US drone mak­ers are vy­ing for a larger share of the global mil­i­tary drone mar­ket. Even be­fore the com­ing changes, the Teal Group, a mar­ket re­search firm, has fore­cast sales will rise from $2.8 bil­lion in 2016 to $9.4 bil­lion in 2025. Lin­den Blue, CEO of pri­vately held Gen­eral Atomics, the US leader in mil­i­tary drones, vis­ited the White House re­cently to lobby for his in­dus­try, a per­son fa­mil­iar with the dis­cus­sions said.

Among the US changes will be a for­mal rein­ter­pre­ta­tion of the “pre­sump­tion of de­nial”, a long­stand­ing ob­sta­cle to most mil­i­tary drones sales, that would make it eas­ier and faster to se­cure ap­proval, the of­fi­cials said. Bri­tain, and only re­cently Italy, are the only coun­tries that had been al­lowed to buy armed US drones. A long-de­layed $2 bil­lion sale to In­dia of Gen­eral Atomics’ Guardian sur­veil­lance drones fi­nally se­cured US ap­proval in June. But New Delhi’s re­quest for armed drones has stalled. A ma­jor hur­dle to ex­panded sales of the most pow­er­ful US drones is the Mis­sile Tech­nol­ogy Con­trol Regime, or MTCR, a 1987 ac­cord signed by the United States and 34 other coun­tries, which set rules for the sale and pur­chase of mis­siles. It cat­e­go­rizes drones with a range greater than of 185 miles (300 km) and a pay­load above 1,100 pounds (500 kg) as cruise mis­siles, re­quir­ing ex­tremely tight im­port/ex­port con­trols. To gain an in­ter­na­tional stamp of ap­proval for the re­laxed US ex­port rules, US of­fi­cials want the MTCR rene­go­ti­ated.

State Depart­ment of­fi­cials at­tend­ing an an­nual meet­ing of the mis­sile-con­trol group in Dublin next week will present a “dis­cus­sion pa­per” propos­ing that sales of drones - which did not ex­ist when the agree­ment was cre­ated - be treated more le­niently than the mis­sile tech­nol­ogy that the MTCR was de­signed to reg­u­late, ac­cord­ing to a US of­fi­cial and in­dus­try sources. There is no guar­an­tee of a con­sen­sus. Rus­sia, which has NATO mem­bers along its bor­ders, could re­sist such changes, the US of­fi­cial said.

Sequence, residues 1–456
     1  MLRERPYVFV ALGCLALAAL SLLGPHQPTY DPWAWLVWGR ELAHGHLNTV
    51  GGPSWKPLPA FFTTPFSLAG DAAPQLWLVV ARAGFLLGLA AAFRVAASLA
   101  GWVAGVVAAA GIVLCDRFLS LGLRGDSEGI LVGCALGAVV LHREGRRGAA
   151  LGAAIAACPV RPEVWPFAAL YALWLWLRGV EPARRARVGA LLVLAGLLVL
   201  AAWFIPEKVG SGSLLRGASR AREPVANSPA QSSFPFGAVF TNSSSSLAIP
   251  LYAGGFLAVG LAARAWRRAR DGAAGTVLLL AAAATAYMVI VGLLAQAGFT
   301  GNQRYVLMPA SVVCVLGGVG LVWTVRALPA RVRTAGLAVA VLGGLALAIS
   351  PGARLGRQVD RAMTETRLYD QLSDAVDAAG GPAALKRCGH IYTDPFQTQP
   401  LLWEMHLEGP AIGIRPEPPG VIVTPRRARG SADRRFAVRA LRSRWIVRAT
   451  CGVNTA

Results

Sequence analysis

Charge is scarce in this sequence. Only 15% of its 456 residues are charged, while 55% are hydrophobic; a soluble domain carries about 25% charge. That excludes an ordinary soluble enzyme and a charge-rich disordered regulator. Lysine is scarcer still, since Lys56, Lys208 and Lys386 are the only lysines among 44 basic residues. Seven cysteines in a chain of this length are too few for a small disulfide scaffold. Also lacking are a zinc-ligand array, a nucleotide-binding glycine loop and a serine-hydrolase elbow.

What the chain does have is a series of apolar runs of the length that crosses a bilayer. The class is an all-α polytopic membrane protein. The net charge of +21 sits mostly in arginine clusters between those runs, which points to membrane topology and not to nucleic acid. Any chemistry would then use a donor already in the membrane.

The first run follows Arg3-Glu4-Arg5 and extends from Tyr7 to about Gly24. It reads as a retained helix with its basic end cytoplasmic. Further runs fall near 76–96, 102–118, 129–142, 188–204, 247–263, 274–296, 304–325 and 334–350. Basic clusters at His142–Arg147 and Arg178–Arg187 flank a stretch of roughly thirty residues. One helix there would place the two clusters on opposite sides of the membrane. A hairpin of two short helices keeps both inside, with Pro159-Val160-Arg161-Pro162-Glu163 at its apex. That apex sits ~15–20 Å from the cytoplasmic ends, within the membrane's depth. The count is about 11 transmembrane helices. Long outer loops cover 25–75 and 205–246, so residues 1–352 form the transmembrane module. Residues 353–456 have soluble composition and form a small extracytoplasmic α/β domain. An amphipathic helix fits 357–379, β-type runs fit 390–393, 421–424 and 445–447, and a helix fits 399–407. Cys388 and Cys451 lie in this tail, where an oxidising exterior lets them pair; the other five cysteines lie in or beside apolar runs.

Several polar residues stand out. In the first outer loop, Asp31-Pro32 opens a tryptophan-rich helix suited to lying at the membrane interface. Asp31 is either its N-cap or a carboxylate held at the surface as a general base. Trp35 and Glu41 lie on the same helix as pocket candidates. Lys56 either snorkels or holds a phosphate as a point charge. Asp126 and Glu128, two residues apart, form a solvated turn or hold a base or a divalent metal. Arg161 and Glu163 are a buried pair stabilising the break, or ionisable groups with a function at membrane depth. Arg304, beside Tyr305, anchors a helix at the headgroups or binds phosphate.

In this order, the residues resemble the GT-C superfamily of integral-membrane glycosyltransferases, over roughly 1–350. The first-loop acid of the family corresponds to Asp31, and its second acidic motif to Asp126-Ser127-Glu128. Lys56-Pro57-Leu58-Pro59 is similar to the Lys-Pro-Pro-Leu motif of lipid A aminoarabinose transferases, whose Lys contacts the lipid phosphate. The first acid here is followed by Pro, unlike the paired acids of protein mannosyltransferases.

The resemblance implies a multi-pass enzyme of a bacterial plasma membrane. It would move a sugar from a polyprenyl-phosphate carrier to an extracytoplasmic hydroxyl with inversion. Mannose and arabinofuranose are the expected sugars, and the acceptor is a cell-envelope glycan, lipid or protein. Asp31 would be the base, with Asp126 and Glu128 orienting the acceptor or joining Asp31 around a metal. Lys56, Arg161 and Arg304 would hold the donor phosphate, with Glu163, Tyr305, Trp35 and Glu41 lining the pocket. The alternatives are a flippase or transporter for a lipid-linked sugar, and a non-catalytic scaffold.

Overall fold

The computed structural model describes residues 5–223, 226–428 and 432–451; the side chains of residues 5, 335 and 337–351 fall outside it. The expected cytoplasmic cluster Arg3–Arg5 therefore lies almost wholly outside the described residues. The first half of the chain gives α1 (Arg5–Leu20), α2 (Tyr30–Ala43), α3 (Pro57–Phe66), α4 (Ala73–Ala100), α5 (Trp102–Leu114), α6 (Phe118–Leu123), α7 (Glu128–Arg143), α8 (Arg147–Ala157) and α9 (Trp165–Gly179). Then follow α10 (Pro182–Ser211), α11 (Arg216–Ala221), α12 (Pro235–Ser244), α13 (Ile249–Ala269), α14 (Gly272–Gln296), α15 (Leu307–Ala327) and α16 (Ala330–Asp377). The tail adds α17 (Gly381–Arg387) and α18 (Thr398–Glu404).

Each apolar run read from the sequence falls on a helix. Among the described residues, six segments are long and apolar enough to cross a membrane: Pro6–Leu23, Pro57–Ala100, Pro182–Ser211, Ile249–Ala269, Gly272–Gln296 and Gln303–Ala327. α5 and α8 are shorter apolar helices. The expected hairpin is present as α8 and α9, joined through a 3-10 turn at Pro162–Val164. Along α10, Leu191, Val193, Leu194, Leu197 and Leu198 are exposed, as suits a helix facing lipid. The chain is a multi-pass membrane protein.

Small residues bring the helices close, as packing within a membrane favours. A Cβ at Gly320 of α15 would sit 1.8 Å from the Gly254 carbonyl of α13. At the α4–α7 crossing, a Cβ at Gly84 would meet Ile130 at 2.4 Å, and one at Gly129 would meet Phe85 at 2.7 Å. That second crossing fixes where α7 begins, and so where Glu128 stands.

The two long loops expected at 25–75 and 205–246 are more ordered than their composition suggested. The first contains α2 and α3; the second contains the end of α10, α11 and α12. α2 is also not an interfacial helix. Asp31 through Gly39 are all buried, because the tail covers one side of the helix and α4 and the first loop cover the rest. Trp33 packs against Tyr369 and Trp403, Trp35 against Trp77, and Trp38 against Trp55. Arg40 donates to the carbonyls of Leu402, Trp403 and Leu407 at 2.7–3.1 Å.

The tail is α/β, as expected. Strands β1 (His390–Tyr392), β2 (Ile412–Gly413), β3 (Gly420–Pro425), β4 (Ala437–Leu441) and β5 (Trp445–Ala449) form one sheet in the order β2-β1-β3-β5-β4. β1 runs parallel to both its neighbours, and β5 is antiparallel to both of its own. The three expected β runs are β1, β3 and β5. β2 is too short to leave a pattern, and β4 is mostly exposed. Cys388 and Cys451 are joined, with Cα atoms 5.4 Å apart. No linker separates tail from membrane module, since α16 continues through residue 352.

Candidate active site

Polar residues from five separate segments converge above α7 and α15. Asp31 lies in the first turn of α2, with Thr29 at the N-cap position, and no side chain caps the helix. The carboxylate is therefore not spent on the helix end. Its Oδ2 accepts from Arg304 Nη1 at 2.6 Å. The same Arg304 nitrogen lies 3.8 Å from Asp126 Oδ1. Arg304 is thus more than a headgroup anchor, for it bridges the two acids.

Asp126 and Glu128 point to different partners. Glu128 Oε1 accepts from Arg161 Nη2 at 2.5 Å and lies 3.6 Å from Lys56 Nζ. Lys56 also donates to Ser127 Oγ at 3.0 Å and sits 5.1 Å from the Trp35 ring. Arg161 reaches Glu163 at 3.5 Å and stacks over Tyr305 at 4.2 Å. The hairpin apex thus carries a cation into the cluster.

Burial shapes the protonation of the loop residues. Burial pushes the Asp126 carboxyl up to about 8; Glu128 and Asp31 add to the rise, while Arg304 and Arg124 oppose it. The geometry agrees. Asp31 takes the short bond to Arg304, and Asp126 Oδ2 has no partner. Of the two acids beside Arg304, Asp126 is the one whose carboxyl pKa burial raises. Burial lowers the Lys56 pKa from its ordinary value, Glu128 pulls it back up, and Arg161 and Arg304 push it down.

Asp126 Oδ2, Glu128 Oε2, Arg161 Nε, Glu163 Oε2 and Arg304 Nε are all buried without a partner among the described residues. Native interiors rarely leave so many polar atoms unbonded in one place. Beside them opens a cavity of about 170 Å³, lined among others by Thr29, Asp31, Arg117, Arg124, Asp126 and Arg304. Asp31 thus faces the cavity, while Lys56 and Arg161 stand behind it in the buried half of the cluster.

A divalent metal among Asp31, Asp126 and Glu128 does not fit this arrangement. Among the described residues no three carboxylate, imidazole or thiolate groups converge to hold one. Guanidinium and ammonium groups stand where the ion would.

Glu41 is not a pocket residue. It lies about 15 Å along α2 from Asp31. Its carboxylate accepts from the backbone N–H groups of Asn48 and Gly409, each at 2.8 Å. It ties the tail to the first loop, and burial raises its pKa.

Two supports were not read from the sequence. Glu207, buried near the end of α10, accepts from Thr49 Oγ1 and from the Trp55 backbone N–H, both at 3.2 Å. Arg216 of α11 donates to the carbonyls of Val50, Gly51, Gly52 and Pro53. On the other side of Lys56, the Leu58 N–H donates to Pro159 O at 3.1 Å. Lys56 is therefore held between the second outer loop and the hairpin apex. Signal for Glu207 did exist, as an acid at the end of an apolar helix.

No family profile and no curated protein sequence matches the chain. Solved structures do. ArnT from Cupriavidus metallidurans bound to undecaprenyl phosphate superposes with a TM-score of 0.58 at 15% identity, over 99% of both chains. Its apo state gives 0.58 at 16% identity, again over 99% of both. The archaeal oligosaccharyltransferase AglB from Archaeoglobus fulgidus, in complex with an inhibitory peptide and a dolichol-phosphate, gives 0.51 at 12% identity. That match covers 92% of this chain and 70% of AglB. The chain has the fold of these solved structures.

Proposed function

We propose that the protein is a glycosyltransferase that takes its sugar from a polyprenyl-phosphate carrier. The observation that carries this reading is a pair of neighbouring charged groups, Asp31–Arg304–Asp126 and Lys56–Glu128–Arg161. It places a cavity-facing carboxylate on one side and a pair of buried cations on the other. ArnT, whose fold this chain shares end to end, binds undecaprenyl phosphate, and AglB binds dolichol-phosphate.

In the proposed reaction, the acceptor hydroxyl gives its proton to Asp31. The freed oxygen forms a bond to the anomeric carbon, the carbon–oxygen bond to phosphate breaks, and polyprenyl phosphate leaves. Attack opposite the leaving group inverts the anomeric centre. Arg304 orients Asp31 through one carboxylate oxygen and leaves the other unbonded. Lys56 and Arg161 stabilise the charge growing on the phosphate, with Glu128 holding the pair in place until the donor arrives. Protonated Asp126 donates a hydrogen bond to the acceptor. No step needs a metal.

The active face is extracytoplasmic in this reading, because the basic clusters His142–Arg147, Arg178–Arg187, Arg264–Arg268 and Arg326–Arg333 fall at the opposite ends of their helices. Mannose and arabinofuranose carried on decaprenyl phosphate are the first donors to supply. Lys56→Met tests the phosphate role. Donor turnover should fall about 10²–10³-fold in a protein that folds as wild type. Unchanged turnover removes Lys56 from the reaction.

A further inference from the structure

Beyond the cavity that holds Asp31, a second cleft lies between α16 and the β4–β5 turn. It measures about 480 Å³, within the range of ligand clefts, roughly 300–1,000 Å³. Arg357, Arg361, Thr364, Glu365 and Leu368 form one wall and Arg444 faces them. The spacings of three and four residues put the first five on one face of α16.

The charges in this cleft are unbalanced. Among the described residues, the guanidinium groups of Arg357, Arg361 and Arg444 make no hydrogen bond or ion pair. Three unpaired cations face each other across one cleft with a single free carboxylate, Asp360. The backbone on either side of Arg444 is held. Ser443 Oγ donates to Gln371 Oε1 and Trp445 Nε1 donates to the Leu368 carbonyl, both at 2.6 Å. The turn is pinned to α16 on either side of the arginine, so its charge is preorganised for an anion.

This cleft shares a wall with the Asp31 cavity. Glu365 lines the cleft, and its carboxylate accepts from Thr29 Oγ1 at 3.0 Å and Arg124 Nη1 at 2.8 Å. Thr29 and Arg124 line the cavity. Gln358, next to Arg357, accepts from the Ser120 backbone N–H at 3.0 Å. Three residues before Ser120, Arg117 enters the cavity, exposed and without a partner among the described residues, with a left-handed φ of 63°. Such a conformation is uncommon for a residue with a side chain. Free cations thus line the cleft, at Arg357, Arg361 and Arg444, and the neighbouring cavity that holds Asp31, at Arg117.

China and Is­rael

China, which is not an MTCR sig­na­tory, has pushed ahead with drone sales to some coun­tries with close ties to Wash­ing­ton, such as Iraq, Saudi Ara­bia and Nige­ria, but which have failed to pass U.S. reg­u­la­tory muster. Chi­nese mod­els such as the CH-3 and CH-4 have been com­pared to the Reaper but are much cheaper. US of­fi­cials said Bei­jing sells them with few strings at­tached.

The Chi­nese for­eign min­istry in­sists it takes a “cau­tious and re­spon­si­ble at­ti­tude” to mil­i­tary drone exports. Is­rael, which is out­side the MTCR but has pledged to abide by it, com­petes with US manufacturers on the ba­sis of high-tech stan­dards. But it will not sell to neigh­bors in the volatile Mid­dle East. Is­rael sold $525 mil­lion worth of drones over­seas in 2016, ac­cord­ing de­fense min­istry data. US drone mak­ers and their sup­port­ers within the ad­min­is­tra­tion con­tend that other coun­tries are go­ing to pro­lif­er­ate drones, so they should not be left be­hind. — Reuters

‘Buy Amer­i­can’ to boost US busi­ness abroad

The Avenger extended-range UAV is man­u­fac­tured by Gen­eral Atomics.